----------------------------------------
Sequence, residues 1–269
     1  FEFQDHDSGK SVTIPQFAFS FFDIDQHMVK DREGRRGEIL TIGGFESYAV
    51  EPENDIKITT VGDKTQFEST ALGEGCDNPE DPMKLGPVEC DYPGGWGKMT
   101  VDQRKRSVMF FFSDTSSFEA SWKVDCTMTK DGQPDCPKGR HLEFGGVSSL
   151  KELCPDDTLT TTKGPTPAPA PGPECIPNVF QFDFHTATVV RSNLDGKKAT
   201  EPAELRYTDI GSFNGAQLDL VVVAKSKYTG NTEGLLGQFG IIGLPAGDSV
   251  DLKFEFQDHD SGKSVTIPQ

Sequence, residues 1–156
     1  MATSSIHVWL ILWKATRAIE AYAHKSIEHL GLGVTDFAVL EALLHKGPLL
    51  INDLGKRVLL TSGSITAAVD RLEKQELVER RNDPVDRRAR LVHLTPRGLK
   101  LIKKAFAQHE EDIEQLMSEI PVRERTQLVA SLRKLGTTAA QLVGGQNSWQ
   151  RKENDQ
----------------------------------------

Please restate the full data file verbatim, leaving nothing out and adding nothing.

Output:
Sequence, residues 1–269
     1  FEFQDHDSGK SVTIPQFAFS FFDIDQHMVK DREGRRGEIL TIGGFESYAV
    51  EPENDIKITT VGDKTQFEST ALGEGCDNPE DPMKLGPVEC DYPGGWGKMT
   101  VDQRKRSVMF FFSDTSSFEA SWKVDCTMTK DGQPDCPKGR HLEFGGVSSL
   151  KELCPDDTLT TTKGPTPAPA PGPECIPNVF QFDFHTATVV RSNLDGKKAT
   201  EPAELRYTDI GSFNGAQLDL VVVAKSKYTG NTEGLLGQFG IIGLPAGDSV
   251  DLKFEFQDHD SGKSVTIPQ

Sequence, residues 1–156
     1  MATSSIHVWL ILWKATRAIE AYAHKSIEHL GLGVTDFAVL EALLHKGPLL
    51  INDLGKRVLL TSGSITAAVD RLEKQELVER RNDPVDRRAR LVHLTPRGLK
   101  LIKKAFAQHE EDIEQLMSEI PVRERTQLVA SLRKLGTTAA QLVGGQNSWQ
   151  RKENDQ